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365 Days Of Thirst



A prospect with promise. A gleam of hope for a better future. And then the shattering reality. This is not the story of just one man, but many like him who left their homelands to find hidden treasures in golden desert fill of mirages. 

Nikhil Ramteke’s debut novel ‘The 365 Days’ recounts a year of Shijukutty’s life who leaves the familiar for the dream of abundance but realises, ‘There are no revolutions in the desert.’ This he says perhaps after the resolve to prosper has been broken by circumstances.

Life was simpler at Vizhinjam, a coastal village on the outskirts of Thiruvanathapuram where he led the life of a fisherman with his beloved wife, Dhanya and his little boy Sooraj.  Where after years of treading the waters, he was drawn to the kingdom of golden sands to make his fortune. 

And so on a New Year’s Eve, the dreamy-eyed fisherman had taken wing, left his loved ones behind and headed like millions of others to Dubai to make his fortune. 

Landing in Dubai along with two others like him, he soon  finds himself at a labour camp, a far cry from what he had imagined. Shiju begins to come in terms with reality, one piece at a time. The camp, a world in itself is home to a lot of expatriates who had stars in their eyes but are soon disillusioned.

Shiju finds this most desolate part of the desert, overwhelmingly depressing. His dreams begin to fade as he is led to the truth about his ‘new life’. But, Shijukutty is not alone. There is Jabbar Chettan, the Gulf ‘veteran’ with an experience of over 20 years in the sands and a seemingly well-settled life back home in Kerala, all thanks to his hard work. The ever-friendly Thavamani from Madurai is a helping hand at all times . Santosh Singh also known as ‘Bhaiyya’ to all is a loud-mouth from Bihar. Chacko is an electrician from Kerala who is spiritually and materially well-connected. Finally, the family of five is completed by Saiful from Bangaldesh who is self-contained most of the times.

Religion and boundaries divide, but the drive to transcend poverty keeps them together – most of the times. Like all the others, Shijukutty embraces the harshness of the desert physically and psychologically as he enters the first day of work.

Thereafter, life begins to seem more and more monotonous, gloomy and miserable each day. There are moments of laughter, reminiscences of good-old days, religious banters and ego-clashes. Amidst the din, there are moments when each one of them looks out for solace in their own ways. There are insights in each life; a few visible to all and mostly hidden in the deep recesses of mind.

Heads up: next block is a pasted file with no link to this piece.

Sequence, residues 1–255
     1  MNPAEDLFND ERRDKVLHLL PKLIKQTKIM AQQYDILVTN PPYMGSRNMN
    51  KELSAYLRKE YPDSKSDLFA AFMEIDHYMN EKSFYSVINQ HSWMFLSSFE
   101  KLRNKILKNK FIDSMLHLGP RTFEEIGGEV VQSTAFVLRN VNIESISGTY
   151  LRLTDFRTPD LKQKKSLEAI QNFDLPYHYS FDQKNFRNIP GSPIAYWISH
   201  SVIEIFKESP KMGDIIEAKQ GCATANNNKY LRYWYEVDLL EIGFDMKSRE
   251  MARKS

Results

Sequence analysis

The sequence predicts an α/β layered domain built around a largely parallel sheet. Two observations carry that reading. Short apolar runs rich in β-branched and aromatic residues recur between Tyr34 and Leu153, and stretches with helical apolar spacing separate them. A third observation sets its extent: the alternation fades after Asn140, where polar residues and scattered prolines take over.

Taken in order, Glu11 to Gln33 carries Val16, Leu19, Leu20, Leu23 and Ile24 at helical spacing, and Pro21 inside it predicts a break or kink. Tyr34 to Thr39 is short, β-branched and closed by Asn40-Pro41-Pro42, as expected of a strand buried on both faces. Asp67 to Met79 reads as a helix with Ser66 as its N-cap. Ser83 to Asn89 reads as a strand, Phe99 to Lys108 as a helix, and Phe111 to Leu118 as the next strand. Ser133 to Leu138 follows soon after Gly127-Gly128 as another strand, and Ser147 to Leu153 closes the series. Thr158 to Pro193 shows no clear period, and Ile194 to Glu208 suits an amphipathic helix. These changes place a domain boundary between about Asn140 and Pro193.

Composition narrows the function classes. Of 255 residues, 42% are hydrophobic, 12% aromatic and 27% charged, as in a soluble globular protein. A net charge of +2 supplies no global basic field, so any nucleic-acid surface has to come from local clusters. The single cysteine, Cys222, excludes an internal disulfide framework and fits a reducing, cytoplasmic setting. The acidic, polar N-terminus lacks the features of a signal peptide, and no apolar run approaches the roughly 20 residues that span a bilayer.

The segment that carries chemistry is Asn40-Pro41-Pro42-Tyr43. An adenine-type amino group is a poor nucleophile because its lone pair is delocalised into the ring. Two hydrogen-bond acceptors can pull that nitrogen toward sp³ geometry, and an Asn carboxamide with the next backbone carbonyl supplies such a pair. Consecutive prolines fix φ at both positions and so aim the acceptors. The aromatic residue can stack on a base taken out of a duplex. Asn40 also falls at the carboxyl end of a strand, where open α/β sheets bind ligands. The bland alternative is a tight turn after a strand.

The period of Ramadan is when Dubai looks different. The air is festive all around and is the period of happiness and contentment in abundance. The non-Muslims as Shiju puts it, synergise with their brethren in their fasting and celebrations. It is the time of longing and home sickness.

Life moves on mechanically until Shiju’s life and integrity are toppled in one moment. One unfortunate incident erases the final hopes of surviving in the desert as Shiju faces the harsh side of Dubai law. 

Life after this takes a rough course for Shijukutty as he and millions of the expatriates face the most dreaded word – recession. Many are shut out, many resign and some even lose lives.

Death does not matter much but only until you experience the loss of a dear one. Shijukutty is torn apart emotionally with a loss of life he had come to appreciate and cherish and is battered psychologically when he is enlisted amongst the many deportees.

With the life in the desert coming to an end after a period of 365 days, Shijukutty has nothing to lose anymore. His spirit has been defeated, but something remains.  His eyes eagerly await the sight of his beloved ones awaiting him on the threshold of a happy life. Those priceless memories come rushing back as he returns home.

The 365 Days by Nikhil Ramteke is a story worth reading and reminds us that the promise and prospect of a better future in a far-off land may not always be everything it seems to be. And yet, there are millions of Shijukuttys with a dream in their eyes and a hope in their spirits, ready to explore the unknown. 

About the author: Nikhil Ramteke is a UAE-based Marathi engineer turned novelist. Born and brought up in Nagpur, Maharashtra, he currently stays in Sharjah, UAE. The 365 Days is set in Dubai during the years 2007-2008, and features Indian expatriates and their exploitation.

Madhusudan M has a B.Tech degree in Textiles and is an MBA. Writing is his passion and so is connecting with anything that inspires the writer in him.




















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